Second Source: 9 September 1900, Dubuque (Iowa) Sunday Herald, pg. 11, col. 6: A Novel Refection That Is Sold from Pushcarts in the Bowery of New York..... "There are ham sandwiches and salmon sandwiches and cheese sandwiches and several other kinds of sandwiches -- a down-town restaurant advertises 30 varieties -- but the latest is the ice-cream sandwich. As a new fad the ice cream sandwich might have made thousands of dollars for its inventor had the novelty been launches by a well-known caterer, but strangely enough the ice cream sandwich made its advent in an humble Bowery pushcart and is sold for a penny, says the New York Mail and Express.

The idea is worthy of a better field, for the ice cream sandwich is not only a distinct novelty, but has merits of its own. It will be appreciated by the child who on eating ice cream for the first time wanted to have it warmed. While losing nothing of its flavor, the thin wafers which go to make up the sandwich help to modify the coolness of the ice cream, so that it can be eaten more readily. The ice cream sandwich as made on the Bowery is constructed in this wise: A thin milk biscuit is placed in a tin mold just large enough to receive it. Then the mold is filled with ice cream from a freezer and another wafer is placed on top. There is an arrangement for forcing the sandwich out of the mold when complete, and the whole process takes only a few seconds. The ice cream sandwich man is the envy of all the other pushcart restaurateurs on the Bowery, as he has all the patrons he can attend to and the cart is always surrounded by curious customers."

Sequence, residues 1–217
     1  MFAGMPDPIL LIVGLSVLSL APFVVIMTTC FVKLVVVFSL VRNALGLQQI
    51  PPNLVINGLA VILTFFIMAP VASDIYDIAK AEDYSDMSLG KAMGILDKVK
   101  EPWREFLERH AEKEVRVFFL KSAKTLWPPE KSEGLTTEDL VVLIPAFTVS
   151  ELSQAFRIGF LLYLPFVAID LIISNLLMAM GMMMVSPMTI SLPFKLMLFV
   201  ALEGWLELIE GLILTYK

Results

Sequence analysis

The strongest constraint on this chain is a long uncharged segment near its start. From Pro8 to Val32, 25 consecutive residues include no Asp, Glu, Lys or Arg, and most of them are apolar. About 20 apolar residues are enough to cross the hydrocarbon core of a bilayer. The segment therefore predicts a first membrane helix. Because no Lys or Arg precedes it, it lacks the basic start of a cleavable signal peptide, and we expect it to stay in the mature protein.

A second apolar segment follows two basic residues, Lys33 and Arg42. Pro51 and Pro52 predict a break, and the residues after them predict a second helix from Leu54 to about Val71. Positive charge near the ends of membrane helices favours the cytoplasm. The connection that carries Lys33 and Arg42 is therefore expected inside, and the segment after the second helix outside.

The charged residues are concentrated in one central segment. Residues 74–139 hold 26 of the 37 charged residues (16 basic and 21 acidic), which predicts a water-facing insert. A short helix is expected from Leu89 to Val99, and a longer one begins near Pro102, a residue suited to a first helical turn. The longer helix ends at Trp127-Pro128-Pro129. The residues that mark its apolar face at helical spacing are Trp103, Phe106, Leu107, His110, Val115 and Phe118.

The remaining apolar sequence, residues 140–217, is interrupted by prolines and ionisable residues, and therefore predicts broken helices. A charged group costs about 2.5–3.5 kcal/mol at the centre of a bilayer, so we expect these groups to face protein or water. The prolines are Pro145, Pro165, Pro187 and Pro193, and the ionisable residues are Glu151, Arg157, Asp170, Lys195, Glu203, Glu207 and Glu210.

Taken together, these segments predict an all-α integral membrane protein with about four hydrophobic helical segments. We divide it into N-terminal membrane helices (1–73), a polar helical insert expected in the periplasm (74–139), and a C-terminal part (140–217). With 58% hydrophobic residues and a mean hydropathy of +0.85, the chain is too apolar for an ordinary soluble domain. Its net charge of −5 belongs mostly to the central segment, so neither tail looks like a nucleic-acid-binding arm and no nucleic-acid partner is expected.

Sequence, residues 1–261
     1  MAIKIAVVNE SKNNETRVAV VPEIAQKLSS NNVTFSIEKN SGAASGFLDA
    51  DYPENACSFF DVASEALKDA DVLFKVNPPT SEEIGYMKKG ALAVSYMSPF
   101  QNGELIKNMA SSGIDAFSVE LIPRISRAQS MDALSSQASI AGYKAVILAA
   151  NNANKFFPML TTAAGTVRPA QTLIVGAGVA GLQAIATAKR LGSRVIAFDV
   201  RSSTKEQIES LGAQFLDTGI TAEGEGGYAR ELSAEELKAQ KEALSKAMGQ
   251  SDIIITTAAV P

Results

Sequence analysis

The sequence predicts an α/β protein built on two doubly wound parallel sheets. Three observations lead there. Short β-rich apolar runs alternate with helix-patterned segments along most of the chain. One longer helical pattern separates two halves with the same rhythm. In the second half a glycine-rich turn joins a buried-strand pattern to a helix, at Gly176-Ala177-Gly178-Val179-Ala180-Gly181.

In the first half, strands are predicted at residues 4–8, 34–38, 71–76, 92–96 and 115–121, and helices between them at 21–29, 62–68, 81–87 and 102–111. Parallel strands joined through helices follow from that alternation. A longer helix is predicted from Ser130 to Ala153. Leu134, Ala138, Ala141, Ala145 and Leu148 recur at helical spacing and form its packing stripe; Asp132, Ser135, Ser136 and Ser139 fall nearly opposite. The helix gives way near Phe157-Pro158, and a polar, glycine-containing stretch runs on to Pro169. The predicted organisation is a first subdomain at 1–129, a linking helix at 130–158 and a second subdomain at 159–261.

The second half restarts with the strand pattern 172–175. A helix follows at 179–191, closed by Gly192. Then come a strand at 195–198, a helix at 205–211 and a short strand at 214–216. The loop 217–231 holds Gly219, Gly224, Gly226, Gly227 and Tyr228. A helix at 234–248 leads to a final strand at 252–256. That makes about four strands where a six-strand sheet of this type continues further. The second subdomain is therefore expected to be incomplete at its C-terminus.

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Free Ice Cream Push Carts .... Daily Ice Cream Truck Rentals

CK Corporation also sells Well's Blue Bunny, Northstar and Rich's Ice cream bars as well as a large variety of Funny cartoon face frozen ice pops. We also carry for resellers and general public counter sales, Chocolate malt cups -frozen shakes, vanilla slices, dixie cups and Dry Ice. Independent Ice Cream truck route drives can stop by our warehouse office and pick up a reseller price list upon proof of a company Tax ID# and occupational license. To see Wholesale case lot price list for counter customers here.

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Ice Cream Events are fun for everyone

Captain Kool has participated in hundreds of Ice Cream special events for over 29 years for company and Union picnics, graduation parties and employee gatherings, fireworks displays, birthday parties, Church fairs, City parades and summertime weddings. We offer daily truck and Ice Cream push cart rentals which allow event coordinators to choose from over 60 novelty ice cream bars at wholesale counter prices.

Servicing the Ice Cream needs of Metro Detroit Neighborhoods since 1976

How to contact CK Corporation staff in our Centerline Michigan officeCaptain Kool carries Wells Blue Bunny, Northstar and Rich's Novelty Ice cream

We're Hiring! Earn cash driving a Captain Kool Route in Detroit's Best Neighborhoods.